Finance debate – banking on funding

20 November 2009 by
Finance debate – banking on funding

Caterer and Hotelkeeper invited a number of leading figures from the worlds of hotels and finance to a round table discussion on funding, held at the London offices of Lloyds Banking Group, which sponsored the event. Daniel Thomas reports.

The term credit crunch has become everyday language, a handy catch-all term for the economic slowdown and its effects. But, used in its correct technical sense, it refers to the sudden reduction in the general availability of loans and the increasing cost of obtaining them.

This difficulty in accessing funding has affected many hospitality operators, leading some to complain that banks are not providing enough support for them during these difficult economic times, despite billions of pounds worth of Government support. The banks respond that finance is still available - but that the business case for new loans has to be more compelling than ever.

DISCUSSION PARTICIPANTS Danny Pecorelli, managing director, Exclusive Hotels Laurence Beere, proprietor, Queensbury hotel, Bath Jeremy Richardson, chief executive, Kew Green Hotels Andy Townsend, chief executive, Legacy Hotels Michael Gray, general manager, Hyatt Regency London - The Churchill Matthew Welbourn, managing director, Folio Hotels Jeremy Rata, managing director, Bovey Castle, Devon Robert Seabrook, managing director, Jones Lang LaSalle Hotels Michael Hirst, consultant, CBRE Hotels Lloyds Banking GroupManu Choudhary, associate director, finance Tony Burnell, relationship director, hotels and leisure Catherine Martin, head of hospitality, leisure and healthcare

PLUMMETING PROPERTY MARKETThe property agents around the table kicked off the debate by revealing just how far the market had dropped since the heady days of 2007.

Robert Seabrook, managing director of Jones Lang LaSalle Hotels (JLL), said that, while there had been a marked change since June with a lot of sale decisions being driven by banks and equity advisers, overall sales are well down.

He pointed to JLL statistics that showed there were just £250m-worth of hotel sales for the first nine months of 2009, a huge drop on the £8b worth of transactions seen during 2007.

Former Hilton chief executive Michael Hirst, now consultant to property agent CBRE Hotels, agreed, admitting that transactions "have come to an absolute standstill", with CBRE's main work this year being in consultancy and valuation.

When it was pointed out that Egyptian-backed Britannia Hospitality paid £77.5m for London's Stafford hotel in September, Seabrook said this was the exception that proved the rule.

"The Stafford sale highlights the desire of foreign investors to get involved, but the price reflects the lack of product on the market," he said. "It's an admirable price, one you would have been happy with in 2007."


Andy Townsend, chief executive of hotel management company Legacy Hotels, insisted that there were a "shed load of properties" that could come on to the market for cash buyers, but suggested that "banks are sitting on their hands, as they don't want to write off assets".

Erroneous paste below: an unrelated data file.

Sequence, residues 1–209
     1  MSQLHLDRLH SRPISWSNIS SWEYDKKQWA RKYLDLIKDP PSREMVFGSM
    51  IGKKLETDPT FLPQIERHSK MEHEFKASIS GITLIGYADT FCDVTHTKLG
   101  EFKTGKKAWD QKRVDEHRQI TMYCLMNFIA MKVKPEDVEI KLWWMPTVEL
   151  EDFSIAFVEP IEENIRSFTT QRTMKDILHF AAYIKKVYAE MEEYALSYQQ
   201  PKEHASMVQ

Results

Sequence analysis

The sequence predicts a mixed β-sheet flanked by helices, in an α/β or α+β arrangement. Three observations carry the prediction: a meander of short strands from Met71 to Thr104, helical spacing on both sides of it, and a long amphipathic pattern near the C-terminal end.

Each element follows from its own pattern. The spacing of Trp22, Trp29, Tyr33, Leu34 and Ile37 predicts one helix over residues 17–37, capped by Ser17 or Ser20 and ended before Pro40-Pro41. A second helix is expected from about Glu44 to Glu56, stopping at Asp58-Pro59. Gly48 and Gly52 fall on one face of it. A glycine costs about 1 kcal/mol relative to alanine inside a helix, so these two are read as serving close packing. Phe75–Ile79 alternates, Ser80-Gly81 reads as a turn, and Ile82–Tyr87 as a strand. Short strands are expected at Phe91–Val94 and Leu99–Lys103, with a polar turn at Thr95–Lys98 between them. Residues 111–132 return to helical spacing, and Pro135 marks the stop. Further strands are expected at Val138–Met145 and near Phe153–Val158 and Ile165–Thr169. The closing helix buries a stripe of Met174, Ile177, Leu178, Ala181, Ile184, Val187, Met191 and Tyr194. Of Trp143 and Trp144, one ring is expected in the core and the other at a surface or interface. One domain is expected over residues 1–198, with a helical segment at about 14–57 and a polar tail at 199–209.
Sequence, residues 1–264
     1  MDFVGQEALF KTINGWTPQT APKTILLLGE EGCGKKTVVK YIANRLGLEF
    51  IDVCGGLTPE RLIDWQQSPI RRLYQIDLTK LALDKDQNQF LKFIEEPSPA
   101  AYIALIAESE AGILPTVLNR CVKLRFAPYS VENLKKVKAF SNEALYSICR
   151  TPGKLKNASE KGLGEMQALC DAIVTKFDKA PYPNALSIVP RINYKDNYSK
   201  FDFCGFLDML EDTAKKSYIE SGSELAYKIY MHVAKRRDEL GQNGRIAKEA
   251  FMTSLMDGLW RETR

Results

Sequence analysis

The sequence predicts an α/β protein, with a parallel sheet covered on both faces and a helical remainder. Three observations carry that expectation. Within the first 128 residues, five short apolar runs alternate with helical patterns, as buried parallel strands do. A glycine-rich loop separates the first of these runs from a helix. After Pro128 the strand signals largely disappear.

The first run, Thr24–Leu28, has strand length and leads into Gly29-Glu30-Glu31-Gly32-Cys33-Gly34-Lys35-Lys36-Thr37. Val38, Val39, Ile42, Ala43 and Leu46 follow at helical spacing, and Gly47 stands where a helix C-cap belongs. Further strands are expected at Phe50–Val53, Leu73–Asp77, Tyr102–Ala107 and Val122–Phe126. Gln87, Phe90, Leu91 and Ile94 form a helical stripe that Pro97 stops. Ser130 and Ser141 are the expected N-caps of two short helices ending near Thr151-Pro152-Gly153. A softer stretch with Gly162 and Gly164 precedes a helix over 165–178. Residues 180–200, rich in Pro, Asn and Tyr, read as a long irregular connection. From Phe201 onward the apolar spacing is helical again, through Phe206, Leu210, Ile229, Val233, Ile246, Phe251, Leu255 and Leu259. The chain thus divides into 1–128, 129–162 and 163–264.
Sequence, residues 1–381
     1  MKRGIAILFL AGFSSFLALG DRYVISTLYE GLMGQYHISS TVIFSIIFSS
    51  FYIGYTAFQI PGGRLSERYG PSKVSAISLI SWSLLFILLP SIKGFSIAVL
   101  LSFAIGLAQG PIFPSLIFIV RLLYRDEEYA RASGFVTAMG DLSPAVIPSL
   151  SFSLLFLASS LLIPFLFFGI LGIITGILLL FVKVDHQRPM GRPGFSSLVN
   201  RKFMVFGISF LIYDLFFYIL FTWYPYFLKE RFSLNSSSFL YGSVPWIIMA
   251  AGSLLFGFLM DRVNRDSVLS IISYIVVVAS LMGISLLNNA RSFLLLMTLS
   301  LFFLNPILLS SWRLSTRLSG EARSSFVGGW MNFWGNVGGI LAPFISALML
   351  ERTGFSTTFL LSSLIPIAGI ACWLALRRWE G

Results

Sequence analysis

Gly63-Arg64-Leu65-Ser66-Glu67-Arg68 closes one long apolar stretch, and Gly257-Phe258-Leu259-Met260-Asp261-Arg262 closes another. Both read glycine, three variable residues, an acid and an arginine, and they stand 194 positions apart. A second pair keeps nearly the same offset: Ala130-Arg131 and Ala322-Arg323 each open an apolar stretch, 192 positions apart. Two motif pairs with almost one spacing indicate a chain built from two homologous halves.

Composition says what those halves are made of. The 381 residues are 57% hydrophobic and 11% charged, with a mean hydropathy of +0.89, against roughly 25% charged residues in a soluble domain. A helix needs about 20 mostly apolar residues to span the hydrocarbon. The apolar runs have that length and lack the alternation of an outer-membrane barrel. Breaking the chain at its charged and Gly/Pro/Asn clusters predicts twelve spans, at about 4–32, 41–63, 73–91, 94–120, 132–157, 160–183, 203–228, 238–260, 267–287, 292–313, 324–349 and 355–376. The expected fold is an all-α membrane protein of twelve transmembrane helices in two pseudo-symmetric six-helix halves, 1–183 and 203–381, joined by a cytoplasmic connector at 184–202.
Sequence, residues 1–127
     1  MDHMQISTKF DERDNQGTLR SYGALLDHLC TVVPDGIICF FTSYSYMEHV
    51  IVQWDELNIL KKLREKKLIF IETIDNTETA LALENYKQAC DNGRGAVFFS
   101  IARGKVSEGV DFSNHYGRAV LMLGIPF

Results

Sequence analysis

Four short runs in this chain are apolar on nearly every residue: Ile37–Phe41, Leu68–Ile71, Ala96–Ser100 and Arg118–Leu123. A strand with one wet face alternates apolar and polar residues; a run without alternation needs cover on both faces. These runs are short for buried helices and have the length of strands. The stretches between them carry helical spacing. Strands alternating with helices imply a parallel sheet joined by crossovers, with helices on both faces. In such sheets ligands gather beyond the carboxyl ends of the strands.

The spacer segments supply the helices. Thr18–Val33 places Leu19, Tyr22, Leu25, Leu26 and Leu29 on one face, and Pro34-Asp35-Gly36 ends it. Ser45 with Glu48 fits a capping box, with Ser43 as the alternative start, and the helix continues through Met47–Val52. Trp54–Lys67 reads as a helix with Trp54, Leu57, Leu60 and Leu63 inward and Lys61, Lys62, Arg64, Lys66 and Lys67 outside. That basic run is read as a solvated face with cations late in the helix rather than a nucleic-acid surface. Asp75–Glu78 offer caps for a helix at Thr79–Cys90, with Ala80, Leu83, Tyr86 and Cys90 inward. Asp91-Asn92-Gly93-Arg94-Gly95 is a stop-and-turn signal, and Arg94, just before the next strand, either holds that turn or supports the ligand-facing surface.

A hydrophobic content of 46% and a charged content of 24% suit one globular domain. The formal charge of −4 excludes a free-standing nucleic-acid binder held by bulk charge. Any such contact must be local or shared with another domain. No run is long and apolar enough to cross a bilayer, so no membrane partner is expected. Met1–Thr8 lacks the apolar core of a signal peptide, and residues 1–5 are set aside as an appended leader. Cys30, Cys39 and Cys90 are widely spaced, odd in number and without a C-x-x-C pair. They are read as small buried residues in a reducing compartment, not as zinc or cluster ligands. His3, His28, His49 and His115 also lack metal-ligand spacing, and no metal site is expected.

Townsend also said that there were some properties that were going for half their market price, but that "it is impossible to do the deal" because of the difficulties in accessing finance.

"A lot of these opportunities are only going to be there for a short time, before the buildings are completely knackered," he added.

This lack of credit will hit existing businesses as well as slowing down the property market, according to Laurence Beere, proprietor of the Queensbury hotel in Bath.

"You will see a lot of broken covenants over the next six to 12 months, over issues that would have previously been glossed over," he said. "From my point of view, getting re-financed as an independent business is nigh-on impossible. Until the banks bring the money back in, there will be no movement."

While acknowledging these difficulties, Hirst stressed that credit issues were affecting all sectors of the economy. "We should be pleased that the hotel sector is one of the last the banks have looked at - we are not being singled out," he said.

Jeremy Richardson, chief executive of Kew Green Hotels, said it was too easy to apportion all the blame to the banks. "We shouldn't be sitting around saying it is all the banks' fault," he said. "We benefited from an incredibly benevolent lending market and weren't telling the banks to stop lending us money."

Richardson also said it was unrealistic to expect leveraged deals in the current market. "Get used to the fact that you are going to have to invest more up front," he told the hoteliers.

But Danny Pecorelli, managing director of Exclusive Hotels, said banks needed to be more open about the reasons for the increasing cost of credit. "The cost of money - which has gone up owing to restrictive covenants and short-term loans - is all about extra margins for the banks," he said. "There are few hoteliers who can refinance with another bank, so the incumbent bank has got hoteliers by the short and curlies."

Catherine Martin, head of hospitality, leisure and healthcare at Lloyds, insisted that the bank would "openly talk about success fees", but added that "long-term debt is incredibly difficult for us to find".

Tony Burnell, relationship director for hotels and leisure at Lloyds, was quick to point out that finance was still there for the right projects. "There are definitely funds to be had for the right transactions," he said. "Our view of a good credit proposition may be different from some applicants', but we have an appetite for new businesses if there's a sensible deal to be done."

Burnell also addressed the oft-voiced fears that banks were not in the industry for the long-term. He insisted that Lloyds' brief was to work with clients through the economic cycle - not to exit and get short-term returns, but admitted that it had to take a "pragmatic view".

"Banks have to ask: do these operators have the ability to manage?" he said. "You have to have confidence in the management team - if there is a scenario where the management is not coping, the bank will use a consultant to help them get through that period."